Friendship Theorem

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Let there be a group of $6$ people.

The traditional setting is that these $6$ people are at a party.

Then (at least) one of the following $2$ statements is true:

$(1): \quad$ At least $3$ of these $6$ people have all met each other before
$(2): \quad$ At least $3$ of these $6$ people have never met each other before.

That is, either there exists a set of $3$ mutual acquaintances, or there exists a set of $3$ mutual strangers.

Proof 1

This is a simple example of Ramsey's Theorem.

Proof 2

This can be expressed in graph theoretical language as:

Let the edges of $K_6$, the complete graph of $6$ vertices be edge-colored using $2$ colors.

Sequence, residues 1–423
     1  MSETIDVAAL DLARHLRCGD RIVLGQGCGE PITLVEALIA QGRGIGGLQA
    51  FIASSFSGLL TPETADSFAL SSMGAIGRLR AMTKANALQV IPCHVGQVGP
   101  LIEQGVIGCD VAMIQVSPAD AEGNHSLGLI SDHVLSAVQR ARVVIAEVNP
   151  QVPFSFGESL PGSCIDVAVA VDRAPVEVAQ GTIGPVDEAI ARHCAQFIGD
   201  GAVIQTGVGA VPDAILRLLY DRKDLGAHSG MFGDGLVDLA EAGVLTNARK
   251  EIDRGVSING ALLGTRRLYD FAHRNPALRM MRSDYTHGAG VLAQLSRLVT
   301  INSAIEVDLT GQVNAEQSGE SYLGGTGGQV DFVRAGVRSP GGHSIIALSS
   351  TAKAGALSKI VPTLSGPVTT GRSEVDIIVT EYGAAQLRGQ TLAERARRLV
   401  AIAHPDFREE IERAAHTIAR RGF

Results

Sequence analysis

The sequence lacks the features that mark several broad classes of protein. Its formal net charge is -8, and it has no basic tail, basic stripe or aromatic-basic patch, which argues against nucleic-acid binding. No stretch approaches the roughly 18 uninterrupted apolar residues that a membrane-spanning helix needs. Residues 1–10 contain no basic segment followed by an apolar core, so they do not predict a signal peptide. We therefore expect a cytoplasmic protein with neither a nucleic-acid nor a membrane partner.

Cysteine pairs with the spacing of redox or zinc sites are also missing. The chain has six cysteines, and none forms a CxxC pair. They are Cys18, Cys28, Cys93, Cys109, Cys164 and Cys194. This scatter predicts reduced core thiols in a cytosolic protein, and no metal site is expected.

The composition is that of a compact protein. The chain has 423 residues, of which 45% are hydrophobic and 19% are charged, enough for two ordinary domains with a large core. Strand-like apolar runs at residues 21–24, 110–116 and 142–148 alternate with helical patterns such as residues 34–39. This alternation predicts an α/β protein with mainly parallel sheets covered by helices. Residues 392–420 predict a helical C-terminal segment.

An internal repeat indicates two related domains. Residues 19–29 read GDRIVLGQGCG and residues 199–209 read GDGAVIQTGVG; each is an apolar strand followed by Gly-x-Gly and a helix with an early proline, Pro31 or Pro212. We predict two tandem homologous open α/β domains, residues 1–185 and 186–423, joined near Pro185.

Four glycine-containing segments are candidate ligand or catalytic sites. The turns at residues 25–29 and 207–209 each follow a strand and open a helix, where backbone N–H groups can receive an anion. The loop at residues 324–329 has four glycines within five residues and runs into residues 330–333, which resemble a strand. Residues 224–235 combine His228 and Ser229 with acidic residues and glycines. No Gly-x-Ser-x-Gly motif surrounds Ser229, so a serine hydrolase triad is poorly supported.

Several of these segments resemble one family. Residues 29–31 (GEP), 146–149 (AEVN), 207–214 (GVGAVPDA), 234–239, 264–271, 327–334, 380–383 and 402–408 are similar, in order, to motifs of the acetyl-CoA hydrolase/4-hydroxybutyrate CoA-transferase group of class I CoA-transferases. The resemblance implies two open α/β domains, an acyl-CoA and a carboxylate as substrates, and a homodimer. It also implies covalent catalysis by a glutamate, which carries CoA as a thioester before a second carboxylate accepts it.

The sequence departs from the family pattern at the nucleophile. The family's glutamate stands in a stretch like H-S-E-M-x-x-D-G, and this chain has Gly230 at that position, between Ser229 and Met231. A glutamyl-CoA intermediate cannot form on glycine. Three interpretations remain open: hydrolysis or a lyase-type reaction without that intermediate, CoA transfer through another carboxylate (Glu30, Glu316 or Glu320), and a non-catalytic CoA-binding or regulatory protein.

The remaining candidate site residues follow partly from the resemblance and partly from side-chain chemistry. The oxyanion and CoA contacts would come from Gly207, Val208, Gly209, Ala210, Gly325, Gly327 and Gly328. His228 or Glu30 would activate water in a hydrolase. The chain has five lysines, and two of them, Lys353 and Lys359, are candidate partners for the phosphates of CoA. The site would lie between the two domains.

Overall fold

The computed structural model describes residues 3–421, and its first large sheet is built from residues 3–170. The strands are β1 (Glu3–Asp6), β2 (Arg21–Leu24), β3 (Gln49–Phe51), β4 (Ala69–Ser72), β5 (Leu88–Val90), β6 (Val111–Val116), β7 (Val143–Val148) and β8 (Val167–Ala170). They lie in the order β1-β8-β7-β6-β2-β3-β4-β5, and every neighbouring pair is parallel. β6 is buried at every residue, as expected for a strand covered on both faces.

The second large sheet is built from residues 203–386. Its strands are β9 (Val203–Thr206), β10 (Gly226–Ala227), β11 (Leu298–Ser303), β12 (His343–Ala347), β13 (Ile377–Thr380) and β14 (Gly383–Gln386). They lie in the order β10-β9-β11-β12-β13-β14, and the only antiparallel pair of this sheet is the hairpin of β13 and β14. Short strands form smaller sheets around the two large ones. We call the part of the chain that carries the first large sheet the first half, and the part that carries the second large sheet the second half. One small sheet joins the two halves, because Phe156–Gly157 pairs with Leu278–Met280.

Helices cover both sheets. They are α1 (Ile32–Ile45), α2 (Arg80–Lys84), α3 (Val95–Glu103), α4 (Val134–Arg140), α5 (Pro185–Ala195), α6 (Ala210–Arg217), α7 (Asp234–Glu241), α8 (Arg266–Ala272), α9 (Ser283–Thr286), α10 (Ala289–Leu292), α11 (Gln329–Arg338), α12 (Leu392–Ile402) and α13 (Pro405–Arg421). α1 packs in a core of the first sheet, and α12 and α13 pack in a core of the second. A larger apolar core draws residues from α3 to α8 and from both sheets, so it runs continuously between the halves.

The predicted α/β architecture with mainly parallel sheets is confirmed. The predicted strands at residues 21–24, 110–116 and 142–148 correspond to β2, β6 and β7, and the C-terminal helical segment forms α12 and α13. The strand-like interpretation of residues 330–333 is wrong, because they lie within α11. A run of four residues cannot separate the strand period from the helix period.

Then there will be a triangle subgraph of $K_6$ whose edges all have the same color.

Let the colors be red and blue.

Choose any one vertex $P$.

There are $5$ edges incident to $P$.

They are each colored red or blue.

By the Pigeonhole Principle, at least $3$ of them must be of the same color.

Without loss of generality, suppose that less than $3$ are red.

Then the others, $3$ or more, must be blue.

Let $A$, $B$, $C$ be the other vertices incident to these $3$ edges, all of which are blue.

There are $2$ cases:

$(1): \quad$ Let any one of $AB$, $BC$ and $CA$ be blue.

Then that edge, together with the $2$ edges to $P$ forms a blue triangle.

$(2): \quad$ Let none of $AB$, $BC$ and $CA$ be blue.

Then all three edges are red.

Thus $AB$, $BC$ and $CA$ form a red triangle.

Hence the result.


Also known as

This theorem has many names and guises; $\mathsf{Pr} \infty \mathsf{fWiki}$ has adopted the name the friendship theorem as it is short.